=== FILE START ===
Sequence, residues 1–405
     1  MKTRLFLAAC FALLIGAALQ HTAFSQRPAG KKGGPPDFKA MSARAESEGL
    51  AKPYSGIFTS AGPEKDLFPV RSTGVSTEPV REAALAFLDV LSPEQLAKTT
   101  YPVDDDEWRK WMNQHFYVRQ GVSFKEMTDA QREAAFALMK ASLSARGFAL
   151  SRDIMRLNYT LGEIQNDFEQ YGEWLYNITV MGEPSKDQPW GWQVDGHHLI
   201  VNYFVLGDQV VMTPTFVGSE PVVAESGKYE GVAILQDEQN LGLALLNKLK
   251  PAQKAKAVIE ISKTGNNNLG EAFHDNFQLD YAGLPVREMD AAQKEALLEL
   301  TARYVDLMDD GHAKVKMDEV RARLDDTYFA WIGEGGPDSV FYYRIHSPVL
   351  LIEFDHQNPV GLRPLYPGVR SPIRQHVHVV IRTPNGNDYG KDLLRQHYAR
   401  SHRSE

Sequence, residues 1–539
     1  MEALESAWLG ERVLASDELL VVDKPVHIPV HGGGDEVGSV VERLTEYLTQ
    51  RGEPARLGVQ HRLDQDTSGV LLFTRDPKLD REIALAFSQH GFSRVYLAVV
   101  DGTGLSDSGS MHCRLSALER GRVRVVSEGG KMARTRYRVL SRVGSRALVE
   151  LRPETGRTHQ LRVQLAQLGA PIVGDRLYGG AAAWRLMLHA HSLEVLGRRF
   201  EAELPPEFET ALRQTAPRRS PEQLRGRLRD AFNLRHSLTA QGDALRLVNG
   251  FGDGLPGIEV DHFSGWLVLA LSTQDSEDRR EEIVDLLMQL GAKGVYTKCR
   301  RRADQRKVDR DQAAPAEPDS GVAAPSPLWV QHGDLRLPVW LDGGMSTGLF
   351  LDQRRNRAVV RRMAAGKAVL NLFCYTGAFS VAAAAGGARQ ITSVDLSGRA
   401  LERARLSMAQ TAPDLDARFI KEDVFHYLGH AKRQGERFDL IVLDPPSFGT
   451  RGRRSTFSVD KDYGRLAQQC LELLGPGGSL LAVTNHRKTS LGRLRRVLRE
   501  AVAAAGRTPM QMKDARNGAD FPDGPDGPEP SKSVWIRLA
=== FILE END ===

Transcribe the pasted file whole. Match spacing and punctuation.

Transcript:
Sequence, residues 1–405
     1  MKTRLFLAAC FALLIGAALQ HTAFSQRPAG KKGGPPDFKA MSARAESEGL
    51  AKPYSGIFTS AGPEKDLFPV RSTGVSTEPV REAALAFLDV LSPEQLAKTT
   101  YPVDDDEWRK WMNQHFYVRQ GVSFKEMTDA QREAAFALMK ASLSARGFAL
   151  SRDIMRLNYT LGEIQNDFEQ YGEWLYNITV MGEPSKDQPW GWQVDGHHLI
   201  VNYFVLGDQV VMTPTFVGSE PVVAESGKYE GVAILQDEQN LGLALLNKLK
   251  PAQKAKAVIE ISKTGNNNLG EAFHDNFQLD YAGLPVREMD AAQKEALLEL
   301  TARYVDLMDD GHAKVKMDEV RARLDDTYFA WIGEGGPDSV FYYRIHSPVL
   351  LIEFDHQNPV GLRPLYPGVR SPIRQHVHVV IRTPNGNDYG KDLLRQHYAR
   401  SHRSE

Sequence, residues 1–539
     1  MEALESAWLG ERVLASDELL VVDKPVHIPV HGGGDEVGSV VERLTEYLTQ
    51  RGEPARLGVQ HRLDQDTSGV LLFTRDPKLD REIALAFSQH GFSRVYLAVV
   101  DGTGLSDSGS MHCRLSALER GRVRVVSEGG KMARTRYRVL SRVGSRALVE
   151  LRPETGRTHQ LRVQLAQLGA PIVGDRLYGG AAAWRLMLHA HSLEVLGRRF
   201  EAELPPEFET ALRQTAPRRS PEQLRGRLRD AFNLRHSLTA QGDALRLVNG
   251  FGDGLPGIEV DHFSGWLVLA LSTQDSEDRR EEIVDLLMQL GAKGVYTKCR
   301  RRADQRKVDR DQAAPAEPDS GVAAPSPLWV QHGDLRLPVW LDGGMSTGLF
   351  LDQRRNRAVV RRMAAGKAVL NLFCYTGAFS VAAAAGGARQ ITSVDLSGRA
   401  LERARLSMAQ TAPDLDARFI KEDVFHYLGH AKRQGERFDL IVLDPPSFGT
   451  RGRRSTFSVD KDYGRLAQQC LELLGPGGSL LAVTNHRKTS LGRLRRVLRE
   501  AVAAAGRTPM QMKDARNGAD FPDGPDGPEP SKSVWIRLA